All statistical analysis was performed using SPSS version 17.0 (SPSS Inc. Chicago, IL, USA) conducted at Centre of Arctic Environmental Medicine & Cellular & Molecular Toxicology,, Department of Public Health, Aarhus University, Denmark. The statistical significant level was set to p ≤ 0.05.
Demographic, lifestyle and reproductive characteristics of the study population
Table 1 summarize the demographic, lifestyle and reproductive characteristics of the breast cancer (BC) cases and controls. Median age of the BC patients and controls was 50 and 54 years, respectively, and no significant age difference was observed. The age distributions at ≤ 55, 56-59 and ≥ 60 of cases and controls were similar. Cases and controls had similar BMI. The seafood intake, represented by the ratio of n-3 fatty acid to n-6 fatty acid (n-3/n-6), did not differ between cases and controls. To evaluate the current smoking status of the participants, serum cotinine levels of participants were measured, and borderline lower level was found for BC cases compared to their controls, indicating less current smoking among the cases than control participants. For the smoking behaviour obtained from the questionnaire, no significant difference between cases and controls was observed (Table 1).
As shown in Table 1, the BC cases had lower full pregnancies numbers compared to the controls. However, this difference might be suggestive since only 52% of cases and 77% of controls had information on pregnancy; the proportion of breast feeding of BC patients was similar to that of the control participants. Similar percent of information on menopausal status for cases and controls (65% and 77%, respectively) was given. A substantial proportion of breast cancer patients were premenopausal (55%) while most of controls were postmenopausal (82%). The serum level of estradiol (E2) was non-significantly higher in BC cases compared with controls. In both cases and controls the premenopausal women had higher E2 level (Table 1).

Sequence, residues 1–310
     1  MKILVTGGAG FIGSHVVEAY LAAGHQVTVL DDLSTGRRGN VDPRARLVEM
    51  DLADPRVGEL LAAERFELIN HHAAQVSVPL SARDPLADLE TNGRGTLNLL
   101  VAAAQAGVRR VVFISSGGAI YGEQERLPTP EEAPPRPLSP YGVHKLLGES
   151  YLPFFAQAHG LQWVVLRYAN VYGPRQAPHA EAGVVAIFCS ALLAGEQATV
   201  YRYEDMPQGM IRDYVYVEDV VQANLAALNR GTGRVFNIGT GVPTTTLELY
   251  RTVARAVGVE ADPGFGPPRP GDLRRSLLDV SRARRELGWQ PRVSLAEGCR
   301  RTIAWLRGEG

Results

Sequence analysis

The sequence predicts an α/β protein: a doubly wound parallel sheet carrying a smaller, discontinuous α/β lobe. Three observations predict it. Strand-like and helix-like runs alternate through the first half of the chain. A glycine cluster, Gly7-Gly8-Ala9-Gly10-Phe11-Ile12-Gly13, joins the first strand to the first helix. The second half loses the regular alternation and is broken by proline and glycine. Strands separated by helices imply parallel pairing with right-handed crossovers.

Serum levels of POPs, metals and xenobiotic induced receptor transactivities POPs
The serum level of perfluorinated compounds (PFCs) was clearly significant higher in BC cases than controls (Table 2), and this significant difference persisted upon adjustment for age, BMI, pregnancy and cotinine. For PFOS and the sum of perfluorsulfonated acids (sumPFSA), breast cancer patients had double median level compared to the controls (p < 0.0001, Table 2), and for PFOA and sum PFCA the significant difference between cases and controls was given by p = 0.04 and p = 0.001, respectively. No significant difference was observed between cases and controls for the legacy POPs such as PCBs and OCPs (Table 2). However, when the PCBs were subdivided into quartiles, the highest PCBs quartile (PCBs > 2645 ug/kg lipid) was significantly higher for the cases compared with the controls (p = 0.02, Table 2). Also upon pooling the data for legacy POPs and PFCs, the cases had significantly higher level than that of controls (p = 0.007, Table 2). Similar tendency was observed when data was stratified by menopausal status (see additional file 1).
Levels of selected trace elements and heavy metals in the study participants are given in Table 2. The level of Zn was significantly higher in cases, and a borderline higher level of Cd was found for controls. Although not significant the selenium (Se) level in BC cases tended to be lower than that of controls. But for the heavy metals Pb and Hg, no significant difference was observed between cases and controls.
POP related receptor transactivities
The xenobiotic potential of the extracted serum POP mixture was analyzed for effects on nuclear receptor transactivities such as ER, AR and AhR ex vivo upon exposure of the respective cell cultures as shown in Table 3. Serum xenoestrogenic transactivities (XER, XERcomp) did not differ significantly between the two groups, but BC cases elicited a higher subject sample frequency of significant agonistic xenoestrogenic transactivity compared to controls (38.7% vs. 32.7%; Table 3 and Figure 2). The agonistic xenoandrogenic transactivity (XAR) of cases was significantly higher than that of controls (p = 0.01, Table 3), and the cases also elicited higher subject frequency of significantly increased agonistic XAR (18.5% vs. 5.2%; Table 3 and Figure 2) compared to the controls. For the XER and XAR data no differences was found before and upon adjustment for the confounder's age, BMI, pregnancy and cotinine. Moreover, the serum AhR toxic equivalent (AhR-TEQ) of cases was lower than controls (p = 0.009, Table 3 and Figure 2); however, upon adjustment for age, BMI, pregnancy and cotinine the significance disappeared (data not shown).